Really I would just try to retrace the steps as closely as possible to the period last year when he was most successful. I know I am sitting in a Louisiana classroom and not a Major League dugout, but it makes the most sense to me. I did not come across anything explaining the reasoning behind making drastic swing changes, but maybe there is a method to the madness that I am not aware of. Changing that bat angle back to the 45-degree ballpark would be an easy enough adjustment, and returning to that "no-stride" approach, a la Andruw Jones during his 51 homer season, would seem like the next step.

Surely, with the Yankees coming to town, now would be a good time for Wright to reassert himself while in the national spotlight.


I think Wright just needs to keep getting swings in...he'll be alright. In the meantime, hes been part of the "dismal duo"-along with Mark Texiera-who have been letting my fantasy team down all season. Best of luck.

I think David is out of the slump at this point. Since the start of May, he's hitting .328 with 4 HR, 14 RBI, and a .962 OPS.

Wright is certainly a good enough athlete to "swing" is way out of it. Actually, it looks like that is literally what he is doing - his OBP has actually dropped by 17 as his slg.% has about doubled and avg. increased by over 80 points since May began. He is getting his hacks in for sure.

For refernce, the 2007 clip was from May 8th.

The leg kick is what I noticed first. In my opinion, he's more than likely very aware of his slump, so he's a little overeager. Consequently, he's lost a little of his patience, and he's jumping at the ball. He's probably overswinging too. The leg kick and the overswinging jostle the head and move the hands. He's just pushing himself too much. He's plenty strong enough and quick enough to hit the ball hard without the kick as he has proved in the past. He should take a chill pill, go back to the negligible leg kick, know that he's the man and let his talent take over. That'll be a hundred dollars, please.

Most of the looks like differences in the camera angles to me.

It seems like David is not keeping his head in on the swing (his 07 head motion tends to fly up and out). He needs to work on his "chin and shoulder"
so he get's the best look at the ball.

As Jason said, Wright is out of his slump now. With Delgato coming out of his slump and getting two game winning hits in the last series, the Mets offence is looking near invincible.

It seems to me like this article might have been written a week or two late.

wright's performance his picked up noticeably since the start of may. 7 HR, including 3 this past weekend against the yankees, 6 2Bs etc. The only troubling thing is the drop in walks, but even that is being countered by the extra hits. In retrospect, it seems quite likely that the hit streak, the post all-star break power outage, and maybe even some pressure to improve his plate discipline were just making wright press a little too hard. It will be interesting to see if he can keep the AVG and SLG percentages up near 2005/2006 levels while adding some plate discipline (say 80-90 walks). If he can do that, wright could become one of the 5 or 10 best players in the league. On the other hand, his walks actually went DOWN from 2005 to 2006 despite receiving 11 more intentional walks last year, so maybe he is one of those guys who can be hit for average and power OR be selective, but not both.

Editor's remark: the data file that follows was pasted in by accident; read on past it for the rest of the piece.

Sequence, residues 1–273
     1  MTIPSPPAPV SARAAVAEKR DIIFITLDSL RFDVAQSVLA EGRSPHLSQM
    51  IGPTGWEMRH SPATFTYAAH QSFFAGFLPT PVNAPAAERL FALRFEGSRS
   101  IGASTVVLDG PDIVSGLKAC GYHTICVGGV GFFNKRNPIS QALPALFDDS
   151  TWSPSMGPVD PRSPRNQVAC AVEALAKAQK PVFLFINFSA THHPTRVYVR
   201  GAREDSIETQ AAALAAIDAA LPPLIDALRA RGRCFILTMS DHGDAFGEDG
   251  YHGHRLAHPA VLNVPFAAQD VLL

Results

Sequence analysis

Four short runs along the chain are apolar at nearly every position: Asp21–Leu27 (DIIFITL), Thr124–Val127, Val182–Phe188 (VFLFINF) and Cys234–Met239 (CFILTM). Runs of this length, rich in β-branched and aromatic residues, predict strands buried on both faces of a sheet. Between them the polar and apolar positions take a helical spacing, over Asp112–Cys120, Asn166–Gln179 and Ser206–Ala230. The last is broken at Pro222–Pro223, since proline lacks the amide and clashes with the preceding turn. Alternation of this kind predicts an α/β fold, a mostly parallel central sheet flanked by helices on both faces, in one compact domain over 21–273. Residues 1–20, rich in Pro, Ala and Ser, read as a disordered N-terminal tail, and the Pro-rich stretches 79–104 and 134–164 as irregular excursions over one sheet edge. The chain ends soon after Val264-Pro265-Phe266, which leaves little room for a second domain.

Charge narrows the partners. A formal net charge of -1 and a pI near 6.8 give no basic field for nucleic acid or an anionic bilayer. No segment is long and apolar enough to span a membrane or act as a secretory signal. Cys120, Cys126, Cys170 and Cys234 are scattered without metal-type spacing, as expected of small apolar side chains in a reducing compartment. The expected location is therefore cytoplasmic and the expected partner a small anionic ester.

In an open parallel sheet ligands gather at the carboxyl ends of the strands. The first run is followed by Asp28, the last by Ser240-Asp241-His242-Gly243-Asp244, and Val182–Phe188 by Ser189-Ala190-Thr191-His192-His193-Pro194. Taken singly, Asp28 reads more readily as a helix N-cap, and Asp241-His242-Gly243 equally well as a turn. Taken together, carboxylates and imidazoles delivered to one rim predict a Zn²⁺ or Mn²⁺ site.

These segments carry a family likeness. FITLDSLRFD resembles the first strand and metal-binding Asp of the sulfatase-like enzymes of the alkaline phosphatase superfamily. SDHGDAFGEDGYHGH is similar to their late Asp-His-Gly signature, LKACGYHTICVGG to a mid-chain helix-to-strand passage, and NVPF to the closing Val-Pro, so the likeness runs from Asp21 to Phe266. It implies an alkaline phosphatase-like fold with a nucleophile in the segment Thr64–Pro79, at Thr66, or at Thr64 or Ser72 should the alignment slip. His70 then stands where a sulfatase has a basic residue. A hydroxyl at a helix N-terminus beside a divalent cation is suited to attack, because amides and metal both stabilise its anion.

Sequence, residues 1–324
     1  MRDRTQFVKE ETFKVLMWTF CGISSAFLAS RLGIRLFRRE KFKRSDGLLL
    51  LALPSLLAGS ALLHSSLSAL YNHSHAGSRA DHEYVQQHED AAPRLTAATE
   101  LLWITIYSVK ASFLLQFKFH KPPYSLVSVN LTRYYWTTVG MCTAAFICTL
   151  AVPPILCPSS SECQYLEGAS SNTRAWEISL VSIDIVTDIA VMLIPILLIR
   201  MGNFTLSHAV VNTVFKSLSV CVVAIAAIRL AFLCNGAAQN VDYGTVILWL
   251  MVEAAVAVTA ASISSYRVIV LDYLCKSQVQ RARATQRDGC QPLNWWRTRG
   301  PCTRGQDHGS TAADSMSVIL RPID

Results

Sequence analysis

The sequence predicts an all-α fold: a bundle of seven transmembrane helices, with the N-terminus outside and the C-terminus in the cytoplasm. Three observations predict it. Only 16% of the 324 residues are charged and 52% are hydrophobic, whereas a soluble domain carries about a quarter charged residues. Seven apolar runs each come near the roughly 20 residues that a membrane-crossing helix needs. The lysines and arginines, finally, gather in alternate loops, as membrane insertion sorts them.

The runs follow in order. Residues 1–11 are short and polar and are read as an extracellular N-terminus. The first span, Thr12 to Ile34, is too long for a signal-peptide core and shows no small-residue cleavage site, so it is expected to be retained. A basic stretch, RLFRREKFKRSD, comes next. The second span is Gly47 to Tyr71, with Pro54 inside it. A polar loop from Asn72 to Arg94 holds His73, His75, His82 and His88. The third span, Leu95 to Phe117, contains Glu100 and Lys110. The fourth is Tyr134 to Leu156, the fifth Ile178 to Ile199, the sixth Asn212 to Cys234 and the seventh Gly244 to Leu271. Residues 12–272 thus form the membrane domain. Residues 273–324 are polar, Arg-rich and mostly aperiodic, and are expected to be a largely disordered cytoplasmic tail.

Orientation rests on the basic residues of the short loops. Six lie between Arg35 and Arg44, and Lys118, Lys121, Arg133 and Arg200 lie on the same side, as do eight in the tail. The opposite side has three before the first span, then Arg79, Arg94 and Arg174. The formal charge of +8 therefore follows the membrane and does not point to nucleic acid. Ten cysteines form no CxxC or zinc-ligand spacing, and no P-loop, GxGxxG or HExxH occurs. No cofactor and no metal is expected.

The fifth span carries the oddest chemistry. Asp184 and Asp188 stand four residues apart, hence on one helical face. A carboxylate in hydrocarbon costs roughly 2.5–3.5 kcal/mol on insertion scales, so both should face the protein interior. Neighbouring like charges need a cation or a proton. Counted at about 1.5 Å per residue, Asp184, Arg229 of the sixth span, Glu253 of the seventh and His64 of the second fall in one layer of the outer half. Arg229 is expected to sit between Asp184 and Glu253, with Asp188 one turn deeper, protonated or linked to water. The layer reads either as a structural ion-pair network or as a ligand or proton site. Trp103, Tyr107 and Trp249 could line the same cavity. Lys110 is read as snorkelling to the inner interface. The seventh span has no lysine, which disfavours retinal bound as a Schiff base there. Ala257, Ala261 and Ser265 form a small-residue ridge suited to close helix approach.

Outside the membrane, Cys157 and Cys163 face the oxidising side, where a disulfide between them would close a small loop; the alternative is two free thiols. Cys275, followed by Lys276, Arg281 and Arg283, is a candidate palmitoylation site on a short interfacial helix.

And while the leg kick and follow-through angle are clearly different, the fact that we are looking at 3 different swings, all filmed from different camera positions in different parks makes me a bit skeptical of the various, minor positional differences. Also, even though the speed of the pitches in each clip is mentioned, are the shots synched to the release of the pitch? Who were the pitchers and might their repective deliveries have anything to do with wright's swing? I don't mean to suggest that this type or analysis is not helpful (either in general or specifically in this case), just that I would like more information the methodology.

Also, wright's GB/FB ratio is definitely up from last year; but that just puts him right back in line with the 2005 numbers, so which figure represents the 'real' david wright, and which is the anomaly?

right, would have been more useful to get this done during April. Wright has it going this month, and talented players usually figure things out. Maybe Wright continues success with his "new" swing, and that is fine. But the changes should hopefully be fairly evident - I try not to pick topics that can be discounted by issues like camera angle, pitch location, etc.

About the clips, and this goes for just about all of these, I can only work with what I have. And what I have is NOT an unlimited supply of video of each and every one of these guys' swings.

I address this in almost every article - pitch type, location, camera angle, and I try to match them up as close as possible.

These are synched to ball contact by the way.